By the way, being a judge is not a great job. Every decision generates a very disgruntled group of people — the people who don't agree with you. You can't please everyone and you necessarily displease some by any order. Plus, every decision you make is challenged in a higher court so it must feel like you don't do anything right some times! The sign of a good judge is one who is willing to stay late (like the federal judge in Terri's case) and make a decision quickly so that the losing party can quickly appeal him. If he were a lousy judge, he would take a few days to decide the matter, which, of course, would not give Terri's family a chance to appeal should the decision be against them.

E-mail No. 1 — the e-mails below are some of the nicer e-mail corrections I received about nurses:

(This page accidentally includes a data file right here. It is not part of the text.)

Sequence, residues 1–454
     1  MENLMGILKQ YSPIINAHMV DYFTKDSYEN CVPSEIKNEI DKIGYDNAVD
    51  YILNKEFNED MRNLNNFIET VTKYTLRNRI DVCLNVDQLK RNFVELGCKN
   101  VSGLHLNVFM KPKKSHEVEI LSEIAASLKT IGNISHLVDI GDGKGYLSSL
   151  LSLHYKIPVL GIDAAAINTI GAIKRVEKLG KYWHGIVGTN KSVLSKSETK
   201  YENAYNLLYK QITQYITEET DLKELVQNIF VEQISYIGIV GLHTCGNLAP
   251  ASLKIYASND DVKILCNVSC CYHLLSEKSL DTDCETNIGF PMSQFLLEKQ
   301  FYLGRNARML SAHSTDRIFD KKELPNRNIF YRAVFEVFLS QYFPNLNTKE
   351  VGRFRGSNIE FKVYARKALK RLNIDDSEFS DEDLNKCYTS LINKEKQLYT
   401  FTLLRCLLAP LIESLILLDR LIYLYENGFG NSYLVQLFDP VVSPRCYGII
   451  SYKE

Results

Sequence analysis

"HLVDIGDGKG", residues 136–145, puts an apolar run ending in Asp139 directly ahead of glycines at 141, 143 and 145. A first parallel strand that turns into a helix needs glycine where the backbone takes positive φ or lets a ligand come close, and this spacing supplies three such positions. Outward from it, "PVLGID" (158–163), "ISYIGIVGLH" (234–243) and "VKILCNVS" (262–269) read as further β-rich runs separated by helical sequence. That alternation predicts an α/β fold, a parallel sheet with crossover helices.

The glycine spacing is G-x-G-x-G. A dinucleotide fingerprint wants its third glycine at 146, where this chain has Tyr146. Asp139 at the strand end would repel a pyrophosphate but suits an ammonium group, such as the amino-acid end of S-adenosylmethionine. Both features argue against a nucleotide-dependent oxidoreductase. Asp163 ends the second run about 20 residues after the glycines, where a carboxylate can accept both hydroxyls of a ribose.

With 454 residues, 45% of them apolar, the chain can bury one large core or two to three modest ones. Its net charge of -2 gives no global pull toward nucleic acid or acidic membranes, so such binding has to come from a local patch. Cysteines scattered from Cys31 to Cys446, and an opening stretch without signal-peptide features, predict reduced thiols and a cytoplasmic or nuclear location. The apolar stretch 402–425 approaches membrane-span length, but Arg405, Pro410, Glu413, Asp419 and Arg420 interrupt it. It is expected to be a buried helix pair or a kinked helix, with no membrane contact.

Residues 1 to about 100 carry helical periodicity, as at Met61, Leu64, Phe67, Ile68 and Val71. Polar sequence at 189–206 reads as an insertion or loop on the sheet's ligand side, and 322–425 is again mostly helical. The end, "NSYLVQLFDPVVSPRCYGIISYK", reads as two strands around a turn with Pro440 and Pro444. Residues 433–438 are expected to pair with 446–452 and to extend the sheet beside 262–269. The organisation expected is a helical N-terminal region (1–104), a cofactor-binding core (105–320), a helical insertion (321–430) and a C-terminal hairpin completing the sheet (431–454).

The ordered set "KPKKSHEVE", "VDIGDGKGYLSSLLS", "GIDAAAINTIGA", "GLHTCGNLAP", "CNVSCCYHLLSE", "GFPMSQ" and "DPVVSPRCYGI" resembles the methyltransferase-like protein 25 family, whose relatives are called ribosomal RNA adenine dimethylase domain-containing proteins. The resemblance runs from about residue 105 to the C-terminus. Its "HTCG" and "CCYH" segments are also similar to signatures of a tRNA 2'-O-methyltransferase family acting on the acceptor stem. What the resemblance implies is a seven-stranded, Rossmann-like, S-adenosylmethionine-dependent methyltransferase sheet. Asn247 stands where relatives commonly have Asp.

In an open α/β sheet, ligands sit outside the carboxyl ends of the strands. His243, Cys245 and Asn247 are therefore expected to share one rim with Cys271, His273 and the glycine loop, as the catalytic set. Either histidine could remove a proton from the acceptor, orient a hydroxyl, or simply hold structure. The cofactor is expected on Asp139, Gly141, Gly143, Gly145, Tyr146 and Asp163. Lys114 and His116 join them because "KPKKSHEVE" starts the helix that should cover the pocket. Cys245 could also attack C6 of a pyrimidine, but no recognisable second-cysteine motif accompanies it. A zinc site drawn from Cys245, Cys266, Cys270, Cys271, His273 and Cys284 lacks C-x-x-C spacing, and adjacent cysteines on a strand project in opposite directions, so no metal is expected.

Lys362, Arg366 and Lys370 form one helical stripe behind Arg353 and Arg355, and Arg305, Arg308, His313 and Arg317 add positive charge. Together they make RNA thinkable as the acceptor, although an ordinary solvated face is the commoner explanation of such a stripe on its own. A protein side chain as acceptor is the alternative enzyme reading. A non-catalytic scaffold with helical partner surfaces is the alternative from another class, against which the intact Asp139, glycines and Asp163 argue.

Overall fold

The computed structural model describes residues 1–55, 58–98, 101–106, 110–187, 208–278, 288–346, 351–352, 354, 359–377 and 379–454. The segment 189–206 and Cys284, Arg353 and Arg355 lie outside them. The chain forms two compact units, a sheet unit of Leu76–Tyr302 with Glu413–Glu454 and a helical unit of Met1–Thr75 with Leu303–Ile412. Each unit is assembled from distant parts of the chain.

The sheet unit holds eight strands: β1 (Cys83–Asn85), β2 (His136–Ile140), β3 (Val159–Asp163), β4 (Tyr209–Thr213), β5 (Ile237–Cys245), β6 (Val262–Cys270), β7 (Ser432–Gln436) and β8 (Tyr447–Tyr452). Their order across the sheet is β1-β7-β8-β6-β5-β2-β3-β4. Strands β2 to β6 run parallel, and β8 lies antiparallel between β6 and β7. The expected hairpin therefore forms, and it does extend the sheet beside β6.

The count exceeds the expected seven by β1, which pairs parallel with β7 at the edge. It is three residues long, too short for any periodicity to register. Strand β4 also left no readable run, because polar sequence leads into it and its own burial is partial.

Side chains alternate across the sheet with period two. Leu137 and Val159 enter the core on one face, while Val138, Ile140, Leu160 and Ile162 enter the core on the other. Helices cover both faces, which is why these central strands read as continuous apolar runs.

Recently, you had an interview with a person who was introduced as Terri Schiavo's former "nurse." Later, it was stated that she is actually a CAN — Certified Nurse's Assistant. A CNA is a nurse's aide and does not have the education to make the kind of judgments regarding Terri's level of consciousness that you were trying to have her make. It is extraordinarily misleading to try to pawn her off to the public as licensed professional. Please correct this serious error the future.
CNA does not equal nurse.
Lori, R.N.
Orlando, FL

E-mail No. 2

Really respect Greta’s reporting. However, I hated hearing Terri Schiavo’s “nurse” on the news tonight. She in fact described herself as a medical assistant. In California it is actually illegal to call oneself a nurse unless one has an R.N. license. Unprofessional and immature presenters like this give a very bad image to professional nursing, which is already demeaned enough in our society. When nurses are used in the news, they should have at least a Bachelor’s of Science degree in nursing, and preferably higher education, preferably in a specialty, so as not to sound like bumbling idiots. Okay. I have had my say for today!